• I am asking Clubs to please work together on projects and fundraisers. Work with Clubs in your region, work with Clubs outside your region, work with other organizations; let's show that we can collaborate and be very effective in neighborhoods across Southern AZ. Larger Rotary Clubs should consider reaching out to smaller Rotary Clubs to make a bigger impact in their communities. Many Clubs have already done this and have reported successes.
  • Sign up for Rotary Direct – We want to achieve 100 percent membership participation in each and every Club. Watch this video for an easy “how-to” sign up on rotary.org. Skip all the paperwork required for check donations; donate directly online.
  • Please consider applying for a District Award. Award details were sent out electronically last week.  Here is a link if you cannot find your original copy. Every Club has the same opportunity to achieve an award in at least one category. These are “outside the box” ideas with cash awards, something new for District 5500.
 
HAPPY FEBRUARY AND HAPPY VALENTINE'S DAY TO EVERYONE.
PLEASE STAY SAFE AND HEALTHY!
 
District Governor Diane Ventura-Goodyear
 
 
The Rotary District 5500 Youth Fund Approved!
 
     District 5500's Charitable Fund is now able to accept donations specifically earmarked for our Youth Programs. This will greatly help with the shortfalls and rising costs that have occurred over the last few years.
     All donations are tax-deductible and greatly appreciated.
     For more information and the Tax ID #, please contact dvg@rotaryd5500.org.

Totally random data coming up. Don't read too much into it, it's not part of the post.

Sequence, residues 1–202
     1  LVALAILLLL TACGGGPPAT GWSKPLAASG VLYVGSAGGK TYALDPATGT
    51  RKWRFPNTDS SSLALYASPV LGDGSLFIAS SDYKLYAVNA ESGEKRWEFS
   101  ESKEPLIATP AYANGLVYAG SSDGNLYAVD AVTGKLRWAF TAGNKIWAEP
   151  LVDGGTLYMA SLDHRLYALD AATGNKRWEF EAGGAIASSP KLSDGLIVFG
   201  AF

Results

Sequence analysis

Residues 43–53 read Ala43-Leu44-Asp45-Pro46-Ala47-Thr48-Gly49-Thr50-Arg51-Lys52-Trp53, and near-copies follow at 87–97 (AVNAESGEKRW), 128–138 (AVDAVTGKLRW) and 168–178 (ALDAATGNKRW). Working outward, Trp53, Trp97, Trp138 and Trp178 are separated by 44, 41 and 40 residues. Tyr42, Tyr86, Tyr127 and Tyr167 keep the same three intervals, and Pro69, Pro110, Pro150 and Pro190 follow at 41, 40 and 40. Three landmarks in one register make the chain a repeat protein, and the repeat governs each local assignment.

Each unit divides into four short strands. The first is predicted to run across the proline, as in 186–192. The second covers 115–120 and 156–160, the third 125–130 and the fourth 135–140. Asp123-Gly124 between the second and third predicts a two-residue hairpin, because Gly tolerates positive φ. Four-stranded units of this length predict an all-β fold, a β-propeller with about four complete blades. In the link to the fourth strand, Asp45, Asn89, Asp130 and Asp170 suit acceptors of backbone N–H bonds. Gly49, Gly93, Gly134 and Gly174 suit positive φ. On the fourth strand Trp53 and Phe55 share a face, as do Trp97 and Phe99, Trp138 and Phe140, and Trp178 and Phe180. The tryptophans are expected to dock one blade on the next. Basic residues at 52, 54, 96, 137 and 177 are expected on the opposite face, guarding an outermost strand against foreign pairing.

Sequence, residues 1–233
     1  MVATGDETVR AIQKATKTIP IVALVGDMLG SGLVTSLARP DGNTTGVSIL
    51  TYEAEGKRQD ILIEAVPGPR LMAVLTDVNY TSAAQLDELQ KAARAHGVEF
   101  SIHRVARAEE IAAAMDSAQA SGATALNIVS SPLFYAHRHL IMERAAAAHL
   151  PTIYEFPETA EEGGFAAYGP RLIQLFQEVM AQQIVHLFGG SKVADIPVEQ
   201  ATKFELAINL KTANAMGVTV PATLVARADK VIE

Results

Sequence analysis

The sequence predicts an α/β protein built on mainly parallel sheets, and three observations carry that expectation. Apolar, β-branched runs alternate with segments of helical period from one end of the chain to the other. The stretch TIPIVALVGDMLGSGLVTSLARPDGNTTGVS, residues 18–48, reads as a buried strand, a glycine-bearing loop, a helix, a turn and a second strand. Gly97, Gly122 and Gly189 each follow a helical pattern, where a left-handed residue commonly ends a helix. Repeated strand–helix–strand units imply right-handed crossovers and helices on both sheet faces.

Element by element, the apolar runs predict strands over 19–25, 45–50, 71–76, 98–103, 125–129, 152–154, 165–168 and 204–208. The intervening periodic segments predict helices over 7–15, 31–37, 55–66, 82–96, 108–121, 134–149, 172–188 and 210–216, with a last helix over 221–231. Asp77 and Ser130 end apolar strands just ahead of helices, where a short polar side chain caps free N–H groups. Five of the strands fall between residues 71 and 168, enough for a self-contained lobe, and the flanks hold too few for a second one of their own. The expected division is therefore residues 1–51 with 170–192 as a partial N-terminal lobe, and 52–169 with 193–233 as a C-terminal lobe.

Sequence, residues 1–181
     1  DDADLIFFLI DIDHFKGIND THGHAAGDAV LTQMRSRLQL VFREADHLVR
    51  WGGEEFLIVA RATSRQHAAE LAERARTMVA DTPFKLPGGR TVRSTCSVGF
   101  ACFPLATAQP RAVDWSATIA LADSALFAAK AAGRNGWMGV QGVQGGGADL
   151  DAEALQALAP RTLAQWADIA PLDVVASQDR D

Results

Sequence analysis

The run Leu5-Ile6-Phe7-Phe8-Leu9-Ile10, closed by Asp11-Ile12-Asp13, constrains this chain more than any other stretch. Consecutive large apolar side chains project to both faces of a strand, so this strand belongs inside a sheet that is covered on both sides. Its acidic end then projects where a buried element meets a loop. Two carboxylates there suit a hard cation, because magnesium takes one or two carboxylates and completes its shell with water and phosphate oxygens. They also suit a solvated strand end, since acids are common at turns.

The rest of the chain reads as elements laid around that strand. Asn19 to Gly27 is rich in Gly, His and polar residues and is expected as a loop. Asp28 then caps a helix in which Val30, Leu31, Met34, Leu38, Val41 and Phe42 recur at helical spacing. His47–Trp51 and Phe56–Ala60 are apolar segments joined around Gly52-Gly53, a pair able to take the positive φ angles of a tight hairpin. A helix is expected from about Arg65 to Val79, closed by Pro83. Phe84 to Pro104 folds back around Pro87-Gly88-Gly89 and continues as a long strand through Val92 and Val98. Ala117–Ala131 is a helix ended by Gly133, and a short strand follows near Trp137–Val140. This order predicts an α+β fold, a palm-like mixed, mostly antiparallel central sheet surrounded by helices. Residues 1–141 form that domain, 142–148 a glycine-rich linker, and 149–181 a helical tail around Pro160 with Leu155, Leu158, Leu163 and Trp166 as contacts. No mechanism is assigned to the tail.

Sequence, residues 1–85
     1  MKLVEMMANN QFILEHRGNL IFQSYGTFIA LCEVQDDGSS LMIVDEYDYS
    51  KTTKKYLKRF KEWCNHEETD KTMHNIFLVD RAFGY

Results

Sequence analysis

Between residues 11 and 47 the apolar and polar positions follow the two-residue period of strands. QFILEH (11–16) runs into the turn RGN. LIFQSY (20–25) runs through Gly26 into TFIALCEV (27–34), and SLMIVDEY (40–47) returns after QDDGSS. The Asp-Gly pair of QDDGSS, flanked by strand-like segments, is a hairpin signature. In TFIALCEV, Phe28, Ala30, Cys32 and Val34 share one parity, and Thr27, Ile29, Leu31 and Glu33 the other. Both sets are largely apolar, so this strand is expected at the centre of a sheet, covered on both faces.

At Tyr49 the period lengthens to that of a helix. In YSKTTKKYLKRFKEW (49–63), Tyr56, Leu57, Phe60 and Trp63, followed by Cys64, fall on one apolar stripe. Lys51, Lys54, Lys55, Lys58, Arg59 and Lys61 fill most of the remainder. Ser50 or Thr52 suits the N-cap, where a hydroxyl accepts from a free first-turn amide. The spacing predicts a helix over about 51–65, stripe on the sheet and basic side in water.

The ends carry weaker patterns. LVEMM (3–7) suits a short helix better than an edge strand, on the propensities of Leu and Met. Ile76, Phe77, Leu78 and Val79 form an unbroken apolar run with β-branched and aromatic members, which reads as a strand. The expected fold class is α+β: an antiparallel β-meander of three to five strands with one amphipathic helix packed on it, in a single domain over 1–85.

Our District is serious about continuing our support of Youth Programs.  This approval couldn't have happened at a better time.
 
The Rotary Club of Catalina (Tucson)                     (from Bob Grady)
 
In Celebration of Black History Month…
 
     The Catalina (Tucson) Rotary Club invites you to join us for a special program on Friday, February 5, 2021, at 12:10 pm.
 
     Program: People of African descent have helped mold the cultural, educational, social, economic, and political landscape of Arizona for 500 years.  Their story has been harrowing, instructive, and inspirational. Black activism and political accomplishments, in particular, have been the hallmark of their struggle for freedom and equality.
     Moreover, their activism inspired white women, various people of color, and other marginalized groups to adopt many of their strategies for confronting discrimination and making a more perfect union.  This presentation will explore this history and reveal the dynamism of Black history and life.